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The story so far in 2018 ……

Posted by David Stevenson on 07/Sep/2018

looks like a test period for the major question troubling markets after such a prolonged bull run: what might prompt a correction, and what would be the response in the aftermath? At the start of the year, the consensus view was for sustained, synchronised global growth across the US, Europe and Asia. Whilst it was recognised that the US was likely to continue with its leadership in the normalisation of interest rates, it was thought that the Federal Reserve would not require a more radical cooling of the economy. This comfortable assumption was called into question in January with a surprise spike in US earnings inflation, which translated into rapidly rising bond yields. A US market sell-off then sparked global volatility. Weakness continued into late March, causing a 10% correction to the UK market from its January peak, as wider concerns gripped investors such as geo-political risks in the Middle East and Asia, and President Trump’s escalating rhetoric. Meanwhile, Trump’s tax reliefs were inflating the US economy by way of rate cuts boosting near term earnings, and also by allowing corporates to use repatriated overseas cash to fund share buybacks, thereby underpinning the stock market. This in turn generated a robust results season for US corporates, and a series of strong data points for US economic growth. Despite growing concerns about a slowing European economy, risks in emerging economies and an escalating global trade war, investor appetite returned and the UK stock market recovered all of its losses by mid-May, even if this strong momentum has cooled somewhat in recent months.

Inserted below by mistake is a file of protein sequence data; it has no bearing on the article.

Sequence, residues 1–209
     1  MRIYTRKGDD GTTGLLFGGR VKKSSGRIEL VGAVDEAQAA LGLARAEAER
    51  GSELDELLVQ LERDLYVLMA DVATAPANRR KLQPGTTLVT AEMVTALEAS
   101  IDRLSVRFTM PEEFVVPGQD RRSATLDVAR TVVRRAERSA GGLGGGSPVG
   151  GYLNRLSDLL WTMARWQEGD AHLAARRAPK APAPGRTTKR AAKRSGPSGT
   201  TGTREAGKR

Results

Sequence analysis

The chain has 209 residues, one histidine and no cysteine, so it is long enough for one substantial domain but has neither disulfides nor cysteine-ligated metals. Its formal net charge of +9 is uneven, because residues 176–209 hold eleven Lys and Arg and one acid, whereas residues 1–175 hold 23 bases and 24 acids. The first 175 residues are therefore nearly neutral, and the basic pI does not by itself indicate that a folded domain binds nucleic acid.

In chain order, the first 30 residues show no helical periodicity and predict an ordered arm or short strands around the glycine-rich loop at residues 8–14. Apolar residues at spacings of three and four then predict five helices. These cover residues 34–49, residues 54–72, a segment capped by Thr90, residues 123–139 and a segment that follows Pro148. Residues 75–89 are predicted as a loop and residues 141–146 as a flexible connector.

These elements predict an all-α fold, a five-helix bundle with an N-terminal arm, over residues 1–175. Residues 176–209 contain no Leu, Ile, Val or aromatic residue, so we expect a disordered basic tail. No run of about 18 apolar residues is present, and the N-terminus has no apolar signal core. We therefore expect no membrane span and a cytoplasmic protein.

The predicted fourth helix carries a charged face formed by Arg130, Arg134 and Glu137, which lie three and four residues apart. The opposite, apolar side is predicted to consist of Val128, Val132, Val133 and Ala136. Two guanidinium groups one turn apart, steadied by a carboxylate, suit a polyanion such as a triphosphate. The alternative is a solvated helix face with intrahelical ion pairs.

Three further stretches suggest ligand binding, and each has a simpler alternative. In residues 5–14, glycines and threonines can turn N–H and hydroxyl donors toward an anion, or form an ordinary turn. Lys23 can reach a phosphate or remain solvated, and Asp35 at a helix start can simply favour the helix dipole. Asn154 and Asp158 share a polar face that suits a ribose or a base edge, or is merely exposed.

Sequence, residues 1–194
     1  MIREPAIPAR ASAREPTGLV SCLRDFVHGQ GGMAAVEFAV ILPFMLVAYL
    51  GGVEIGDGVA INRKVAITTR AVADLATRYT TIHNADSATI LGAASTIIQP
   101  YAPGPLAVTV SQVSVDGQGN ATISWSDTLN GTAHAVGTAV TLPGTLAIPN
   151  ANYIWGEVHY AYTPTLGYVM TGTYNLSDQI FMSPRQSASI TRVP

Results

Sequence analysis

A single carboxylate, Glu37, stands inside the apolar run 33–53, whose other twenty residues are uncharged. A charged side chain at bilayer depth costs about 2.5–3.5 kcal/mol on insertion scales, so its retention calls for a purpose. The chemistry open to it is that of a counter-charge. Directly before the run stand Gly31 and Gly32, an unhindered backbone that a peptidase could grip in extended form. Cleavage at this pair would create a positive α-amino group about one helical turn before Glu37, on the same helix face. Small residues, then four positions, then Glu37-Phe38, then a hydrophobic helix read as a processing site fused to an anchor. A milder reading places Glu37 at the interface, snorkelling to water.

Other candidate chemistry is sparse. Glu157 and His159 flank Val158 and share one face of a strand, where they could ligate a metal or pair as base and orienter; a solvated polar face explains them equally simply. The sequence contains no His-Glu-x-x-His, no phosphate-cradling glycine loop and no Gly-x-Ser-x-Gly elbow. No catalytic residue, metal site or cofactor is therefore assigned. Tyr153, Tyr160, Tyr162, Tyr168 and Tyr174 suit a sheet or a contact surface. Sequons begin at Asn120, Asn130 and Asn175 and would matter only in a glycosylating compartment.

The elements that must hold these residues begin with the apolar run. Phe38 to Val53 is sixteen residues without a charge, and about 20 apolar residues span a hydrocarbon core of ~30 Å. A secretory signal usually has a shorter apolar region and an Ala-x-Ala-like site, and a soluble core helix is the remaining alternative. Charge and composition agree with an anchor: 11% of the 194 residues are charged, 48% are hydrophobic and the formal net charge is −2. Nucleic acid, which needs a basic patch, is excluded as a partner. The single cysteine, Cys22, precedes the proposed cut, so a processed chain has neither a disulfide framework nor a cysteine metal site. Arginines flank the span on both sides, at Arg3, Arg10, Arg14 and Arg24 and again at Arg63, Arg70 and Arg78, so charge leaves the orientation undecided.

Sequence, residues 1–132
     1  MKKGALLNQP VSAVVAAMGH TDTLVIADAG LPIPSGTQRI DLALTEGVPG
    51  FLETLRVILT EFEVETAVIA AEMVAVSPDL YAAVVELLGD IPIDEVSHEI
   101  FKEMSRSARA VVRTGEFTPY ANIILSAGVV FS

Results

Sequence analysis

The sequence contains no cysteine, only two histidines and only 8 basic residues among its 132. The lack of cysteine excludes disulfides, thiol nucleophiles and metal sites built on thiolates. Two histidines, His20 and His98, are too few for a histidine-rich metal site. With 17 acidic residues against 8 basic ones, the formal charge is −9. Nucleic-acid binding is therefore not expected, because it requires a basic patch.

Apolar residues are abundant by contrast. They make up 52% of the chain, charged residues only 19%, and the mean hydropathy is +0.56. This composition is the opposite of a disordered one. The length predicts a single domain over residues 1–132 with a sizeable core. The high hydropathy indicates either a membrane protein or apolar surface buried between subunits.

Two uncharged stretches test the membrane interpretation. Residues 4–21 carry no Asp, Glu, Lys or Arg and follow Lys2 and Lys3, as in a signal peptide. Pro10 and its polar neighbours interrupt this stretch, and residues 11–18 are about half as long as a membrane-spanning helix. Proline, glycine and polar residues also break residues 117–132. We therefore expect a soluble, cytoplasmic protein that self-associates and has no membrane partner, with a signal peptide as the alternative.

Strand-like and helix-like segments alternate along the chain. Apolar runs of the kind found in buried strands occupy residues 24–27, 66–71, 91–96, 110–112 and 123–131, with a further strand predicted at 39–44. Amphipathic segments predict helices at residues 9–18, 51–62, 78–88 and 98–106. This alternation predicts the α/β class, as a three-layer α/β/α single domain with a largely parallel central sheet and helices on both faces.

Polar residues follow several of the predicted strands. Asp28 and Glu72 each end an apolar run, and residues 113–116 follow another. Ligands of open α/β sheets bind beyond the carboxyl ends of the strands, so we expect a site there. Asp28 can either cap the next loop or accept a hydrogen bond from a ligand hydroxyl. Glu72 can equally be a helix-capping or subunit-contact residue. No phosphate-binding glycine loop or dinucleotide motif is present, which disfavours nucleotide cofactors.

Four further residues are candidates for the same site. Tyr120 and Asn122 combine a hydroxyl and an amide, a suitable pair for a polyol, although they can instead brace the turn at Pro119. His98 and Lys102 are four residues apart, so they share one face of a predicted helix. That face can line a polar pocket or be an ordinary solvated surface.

“Challenging” has become an over-used, almost devalued, term in company outlook statements and fund manager commentaries. However, its use is particularly pertinent at this point. A strong global economy, fuelled by ten years of stimulation, now faces the twin dangers of monetary policy reversal and an increasingly hostile trading and geo-political environment. The UK, as an open economy, has benefited from recent global growth but now faces its own individual risks as the Brexit deadline approaches. To date, the pattern in 2018 suggests there is still an appetite amongst global investors to “buy the dips”, but this may prove to have been an artificial, unrepeatable environment created by the impact of Trump’s tax cuts. Investors might feel that more challenging times are inevitably coming, but few want to speculate as to when.

Our portfolios can never be immune to wider market forces. Nevertheless, they continue to be dominated by a range of long term holdings in high quality companies serving specific niches in attractive growth markets. Our investment performance in the coming months will therefore be determined by the underlying robustness of these individual business models.